But this is not to say there is nothing transcendent about The Satanic Temple’s beliefs. Malcolm Jarry, the co-founder who drafted many of the group’s seven tenets, expressed that “justice” is a transcendent idea: we can move closer toward justice but never fully attain it. He also suggested that the pursuit of justice leads ultimately to the destruction of the ego. I see this as further evidence that The Satanic Temple is not reducible to set of political views.
3) Can you summarize the three key points you’d like the reader to walk away with when finished?
First, The Satanic Temple do not worship evil or hate Christians. A lot of people––including colleagues who ought to know better––assumed that because I was researching this book I was either in terrible danger or morally defective. None of the Satanists ever took issue with my religious affiliation, but I did not always see that same degree of tolerance reciprocated from non-Satanists.
Second, The Satanic Temple is not an elaborate hoax. This was a reasonable interpretation in 2013 when The Satanic Temple consisted of only a handful of people doing political stunts that involved humor. But in 2020 when The Satanic Temple has chapters all over the country and hundreds of members who meet regularly to perform rituals, discuss books, and do charity work, claiming it’s all a hoax seems more like willed ignorance.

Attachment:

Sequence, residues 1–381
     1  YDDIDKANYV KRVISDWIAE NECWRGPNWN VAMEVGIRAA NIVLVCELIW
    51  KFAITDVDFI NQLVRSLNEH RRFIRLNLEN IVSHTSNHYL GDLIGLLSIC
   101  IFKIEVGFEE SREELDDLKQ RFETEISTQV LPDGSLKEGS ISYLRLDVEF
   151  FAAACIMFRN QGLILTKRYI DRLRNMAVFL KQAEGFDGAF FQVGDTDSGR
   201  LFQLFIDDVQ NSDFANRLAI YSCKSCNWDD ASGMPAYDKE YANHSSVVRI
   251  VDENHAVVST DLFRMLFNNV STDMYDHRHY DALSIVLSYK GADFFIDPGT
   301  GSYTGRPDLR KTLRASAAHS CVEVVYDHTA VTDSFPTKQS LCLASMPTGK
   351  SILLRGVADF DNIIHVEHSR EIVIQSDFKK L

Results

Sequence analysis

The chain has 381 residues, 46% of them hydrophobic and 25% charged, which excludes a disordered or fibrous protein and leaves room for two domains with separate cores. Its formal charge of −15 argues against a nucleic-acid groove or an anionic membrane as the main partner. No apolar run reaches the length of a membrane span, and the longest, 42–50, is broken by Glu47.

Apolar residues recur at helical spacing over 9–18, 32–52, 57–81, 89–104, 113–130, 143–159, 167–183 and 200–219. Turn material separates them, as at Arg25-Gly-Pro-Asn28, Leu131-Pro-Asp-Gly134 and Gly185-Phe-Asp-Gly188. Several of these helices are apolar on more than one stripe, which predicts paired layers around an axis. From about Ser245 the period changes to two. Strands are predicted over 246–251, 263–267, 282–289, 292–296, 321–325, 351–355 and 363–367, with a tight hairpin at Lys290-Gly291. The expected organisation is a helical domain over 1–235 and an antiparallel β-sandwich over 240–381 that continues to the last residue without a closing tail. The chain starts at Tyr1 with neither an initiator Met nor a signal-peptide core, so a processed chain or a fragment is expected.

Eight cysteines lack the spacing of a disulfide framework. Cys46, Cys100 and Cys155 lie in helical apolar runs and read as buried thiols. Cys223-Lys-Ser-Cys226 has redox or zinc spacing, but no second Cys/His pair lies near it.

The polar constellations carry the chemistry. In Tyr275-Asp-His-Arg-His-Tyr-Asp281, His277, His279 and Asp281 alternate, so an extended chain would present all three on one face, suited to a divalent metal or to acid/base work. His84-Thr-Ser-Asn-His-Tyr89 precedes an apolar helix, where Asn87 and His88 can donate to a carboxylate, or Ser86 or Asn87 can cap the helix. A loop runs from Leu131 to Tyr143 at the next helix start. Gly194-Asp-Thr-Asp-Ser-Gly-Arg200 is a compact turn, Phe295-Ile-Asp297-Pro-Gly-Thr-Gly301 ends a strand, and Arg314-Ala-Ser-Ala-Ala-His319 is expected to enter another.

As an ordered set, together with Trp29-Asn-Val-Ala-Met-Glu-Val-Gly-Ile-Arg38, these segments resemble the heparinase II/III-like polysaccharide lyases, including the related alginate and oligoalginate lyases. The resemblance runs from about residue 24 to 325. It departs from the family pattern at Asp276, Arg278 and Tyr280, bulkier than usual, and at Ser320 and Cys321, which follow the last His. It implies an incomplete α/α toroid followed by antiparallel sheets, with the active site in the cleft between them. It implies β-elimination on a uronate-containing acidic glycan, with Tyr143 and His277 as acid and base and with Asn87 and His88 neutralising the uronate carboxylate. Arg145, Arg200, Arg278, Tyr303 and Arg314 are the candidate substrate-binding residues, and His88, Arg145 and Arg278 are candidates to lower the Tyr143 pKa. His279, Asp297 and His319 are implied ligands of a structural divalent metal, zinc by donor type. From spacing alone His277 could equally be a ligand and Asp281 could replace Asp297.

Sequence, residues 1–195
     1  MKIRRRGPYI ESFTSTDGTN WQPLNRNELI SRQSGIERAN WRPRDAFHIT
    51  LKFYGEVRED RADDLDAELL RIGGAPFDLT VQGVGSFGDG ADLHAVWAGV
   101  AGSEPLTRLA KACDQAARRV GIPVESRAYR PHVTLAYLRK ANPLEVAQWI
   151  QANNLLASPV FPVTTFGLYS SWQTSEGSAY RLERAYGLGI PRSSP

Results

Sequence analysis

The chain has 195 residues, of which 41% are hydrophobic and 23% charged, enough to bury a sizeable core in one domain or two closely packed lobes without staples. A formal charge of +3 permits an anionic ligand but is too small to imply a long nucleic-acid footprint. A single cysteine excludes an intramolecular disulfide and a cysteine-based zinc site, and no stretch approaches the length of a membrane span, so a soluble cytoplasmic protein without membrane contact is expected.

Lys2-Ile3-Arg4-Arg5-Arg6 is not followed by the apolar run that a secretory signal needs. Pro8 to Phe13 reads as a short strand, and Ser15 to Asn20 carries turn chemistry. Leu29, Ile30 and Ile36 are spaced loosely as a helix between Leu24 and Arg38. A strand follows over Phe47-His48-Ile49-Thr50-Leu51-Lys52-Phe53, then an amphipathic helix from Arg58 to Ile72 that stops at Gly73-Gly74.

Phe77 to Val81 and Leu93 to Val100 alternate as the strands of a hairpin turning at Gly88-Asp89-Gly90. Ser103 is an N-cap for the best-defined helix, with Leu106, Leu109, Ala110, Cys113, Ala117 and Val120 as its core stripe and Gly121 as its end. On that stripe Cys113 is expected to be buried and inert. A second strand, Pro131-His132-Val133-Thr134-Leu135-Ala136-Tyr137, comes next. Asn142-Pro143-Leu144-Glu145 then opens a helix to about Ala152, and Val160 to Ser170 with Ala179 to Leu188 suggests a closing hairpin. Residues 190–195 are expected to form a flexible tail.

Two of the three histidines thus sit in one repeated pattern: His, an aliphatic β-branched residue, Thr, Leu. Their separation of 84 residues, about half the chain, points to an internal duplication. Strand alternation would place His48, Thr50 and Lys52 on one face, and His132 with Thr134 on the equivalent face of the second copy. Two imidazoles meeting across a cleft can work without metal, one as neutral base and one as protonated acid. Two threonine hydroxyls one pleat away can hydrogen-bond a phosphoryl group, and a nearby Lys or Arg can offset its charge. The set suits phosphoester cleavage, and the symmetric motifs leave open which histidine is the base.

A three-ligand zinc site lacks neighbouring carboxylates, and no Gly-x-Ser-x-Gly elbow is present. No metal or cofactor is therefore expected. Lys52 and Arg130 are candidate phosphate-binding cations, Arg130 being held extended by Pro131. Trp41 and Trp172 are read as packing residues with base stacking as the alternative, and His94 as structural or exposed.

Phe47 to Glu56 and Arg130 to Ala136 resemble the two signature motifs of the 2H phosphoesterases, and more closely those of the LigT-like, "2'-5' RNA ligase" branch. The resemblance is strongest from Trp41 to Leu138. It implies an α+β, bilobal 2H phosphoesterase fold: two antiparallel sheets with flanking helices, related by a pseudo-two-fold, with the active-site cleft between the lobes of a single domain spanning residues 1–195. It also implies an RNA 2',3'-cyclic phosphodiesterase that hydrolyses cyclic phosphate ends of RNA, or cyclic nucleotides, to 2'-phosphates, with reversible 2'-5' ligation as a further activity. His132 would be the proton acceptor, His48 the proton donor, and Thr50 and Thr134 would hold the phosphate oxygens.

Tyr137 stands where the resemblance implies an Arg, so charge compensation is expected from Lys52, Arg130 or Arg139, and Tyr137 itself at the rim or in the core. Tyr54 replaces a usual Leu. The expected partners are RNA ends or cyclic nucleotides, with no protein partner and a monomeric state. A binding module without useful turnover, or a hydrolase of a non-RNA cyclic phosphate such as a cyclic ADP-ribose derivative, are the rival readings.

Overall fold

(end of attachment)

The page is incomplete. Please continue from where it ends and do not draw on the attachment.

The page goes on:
Third and most importantly, The Satanic Temple is worth paying attention to. Their lawsuits and other provocations are forcing a public conversation about what “religion” is, what “religious freedom” means, and what religious pluralism looks like. Beyond that, I see The Satanic Temple as part of conversation about what kind of country America is and ought to be. “Satan”––imagined as either the enemy or a role-model––is really a way of talking about who really belongs and who does not; who is just and who is tyrannical. It is not a coincidence that an unprecedented number of people decided to publically identify as Satanists at the same time that Trump received a greater percentage of the white evangelical vote than any previous president.
4) Who were intellectual models or inspirations for you as you wrote this book?
There were many. I had a lot of conversations with my father, Douglas Laycock, about the Satanic Temple. I remember him shaking his head a lot when I tried to explain this group, but he helped me think through some of the Constitutional issues at stake. Stephen Prothero’s ideas about culture war and the problem of “pretend pluralism” were also an important influence. The chapter on pluralism draws on both Diana Eck, whom I studied under briefly, and Russell McCutcheon. Although these two are often presented as foils on this issue, I found both their ideas useful. Lastly, this book would have been impossible without the work of religion scholars such as Jesper Aagard Petersen, Per Faxneld, James R. Lewis, and Massimo Introvigne, who study religious Satanism.
5) What was the most difficult thing about writing the book? Did you encounter any unexpected problems or challenges?